http://www.pyramydair.com/s/a/Air_Venturi_Male_Quick_Disconnect_1_8_BSPP_Female_Threads_Steel_Rated_to_5000_PSI_Incl_Delrin_Seal/3550

    and save yourself all the pumping. You sure it’s not the same fill probe as the Hatsan PCP’s ? Because in picture it looks a lot like it.

    As for the 1911 I’m sure it can be incorrectly assembled I did it myself. I had no idea how it worked and I’m not the one who took it appart and I was over complicating things and couldn’t figure how the sear spring fitted the gun. I had to look it up and had a facepalm moment when I realised how simple and easy it actually was and that’s when I fell in love with the pistol, I already like the way it looked and was shot but the ease of stripping it was like icing on that beautiful metal cake.

    J-F



      • Hmm gotta admit a field strip would be hard to get wrong.
        Everytime I think that pistol is greatly made and how it’s well designed I remember that it was made over a hundred years ago and I’m just flabbergasted and have dreams of lottery numbers, a house in the US and a few handguns (OK a LOT of handguns).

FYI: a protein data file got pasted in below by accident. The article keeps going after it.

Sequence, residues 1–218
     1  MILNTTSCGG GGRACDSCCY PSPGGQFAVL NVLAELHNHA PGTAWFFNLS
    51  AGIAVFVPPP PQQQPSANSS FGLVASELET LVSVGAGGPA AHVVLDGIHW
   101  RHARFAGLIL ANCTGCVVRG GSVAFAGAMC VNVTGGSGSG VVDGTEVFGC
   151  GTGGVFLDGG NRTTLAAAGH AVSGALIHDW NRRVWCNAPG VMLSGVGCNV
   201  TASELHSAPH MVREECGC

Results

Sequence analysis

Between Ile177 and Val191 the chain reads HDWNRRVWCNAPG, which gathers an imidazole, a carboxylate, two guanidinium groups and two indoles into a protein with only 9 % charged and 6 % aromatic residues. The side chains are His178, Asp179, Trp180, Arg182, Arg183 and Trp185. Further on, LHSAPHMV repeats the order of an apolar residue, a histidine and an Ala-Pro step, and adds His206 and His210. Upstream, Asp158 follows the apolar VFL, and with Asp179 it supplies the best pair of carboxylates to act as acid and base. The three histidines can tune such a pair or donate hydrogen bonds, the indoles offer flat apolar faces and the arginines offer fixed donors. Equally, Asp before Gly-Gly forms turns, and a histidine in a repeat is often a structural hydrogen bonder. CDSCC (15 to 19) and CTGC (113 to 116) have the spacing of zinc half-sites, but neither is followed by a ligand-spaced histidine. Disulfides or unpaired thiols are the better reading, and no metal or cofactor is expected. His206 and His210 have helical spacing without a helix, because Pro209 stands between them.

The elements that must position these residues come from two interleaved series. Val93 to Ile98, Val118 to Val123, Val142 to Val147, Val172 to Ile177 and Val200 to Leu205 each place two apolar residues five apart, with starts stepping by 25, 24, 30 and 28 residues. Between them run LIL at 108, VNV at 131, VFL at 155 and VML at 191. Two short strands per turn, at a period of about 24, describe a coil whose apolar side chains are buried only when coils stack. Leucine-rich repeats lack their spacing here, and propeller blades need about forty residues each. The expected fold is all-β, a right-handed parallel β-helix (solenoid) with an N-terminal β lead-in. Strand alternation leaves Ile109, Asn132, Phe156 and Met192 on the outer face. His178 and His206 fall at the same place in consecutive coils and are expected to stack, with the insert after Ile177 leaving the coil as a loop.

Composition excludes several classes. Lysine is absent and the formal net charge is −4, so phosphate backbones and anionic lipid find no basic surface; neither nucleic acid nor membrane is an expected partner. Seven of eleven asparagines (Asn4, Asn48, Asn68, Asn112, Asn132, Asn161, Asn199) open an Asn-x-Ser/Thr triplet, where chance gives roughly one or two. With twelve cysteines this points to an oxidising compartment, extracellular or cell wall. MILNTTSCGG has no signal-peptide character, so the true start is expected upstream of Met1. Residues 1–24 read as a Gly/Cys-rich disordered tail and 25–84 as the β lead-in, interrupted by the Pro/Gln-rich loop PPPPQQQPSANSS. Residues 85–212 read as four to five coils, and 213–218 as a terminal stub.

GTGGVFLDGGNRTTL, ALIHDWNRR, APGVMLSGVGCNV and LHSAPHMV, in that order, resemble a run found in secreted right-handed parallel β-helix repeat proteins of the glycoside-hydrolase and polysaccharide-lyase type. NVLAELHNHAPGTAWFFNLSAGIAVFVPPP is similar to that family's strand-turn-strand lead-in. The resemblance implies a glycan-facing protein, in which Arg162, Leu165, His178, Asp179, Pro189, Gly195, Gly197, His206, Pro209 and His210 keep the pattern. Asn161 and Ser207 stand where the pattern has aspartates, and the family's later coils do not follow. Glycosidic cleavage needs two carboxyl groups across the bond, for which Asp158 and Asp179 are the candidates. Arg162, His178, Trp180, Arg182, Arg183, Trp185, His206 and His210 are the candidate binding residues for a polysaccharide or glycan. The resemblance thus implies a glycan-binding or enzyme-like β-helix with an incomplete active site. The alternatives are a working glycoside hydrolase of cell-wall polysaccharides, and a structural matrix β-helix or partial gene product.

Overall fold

J-F


        • Well, if one were to be yakking with friends, for example, during a (gratuitous, for the sake of science) field strip, and accidentally let the spring and bushing fly off down range, that could be a little wrong :). His friends might give him a hard time about it for a long while…


          • A friend recently sent me this:

            We’re best friends
            Where you go, I go
            When you cry, I cry
            When you laugh, I laugh
            When you fall down, I help you up…

            after I’m done laughing!!!

            That’s what friends are for ;-)

            J-F


  9. Matt61,

    I just saw your post on this forum from yesterday and it occurred to me that your difficulty getting though to me on the Another Airgun Blog comment section is probably caused by our settings. All blog comments require approval before they are published on our blog. You can probably imagine why that filter is turned on. And, trust me, it’s not to make us look good.

    Derrick


  10. Just got a Beeman P17 today which is a miracle since I live in Michigan. I’m surprised that it’s such a fine gun for the price and it’s made in china. I was actually expecting it to be more toxic plastic trash from china. I’m not a pistol guy and I’m putting pellets in a dime sized target at 15 feet. From in living room to second hall closet. Farthest my indoor range goes unless I can find a way to shoot around corners accurately.


    • I ordered a P17 this week from PA. Looking forward to trying it first on my 15′ range in the basement, then at 25′ in the real world.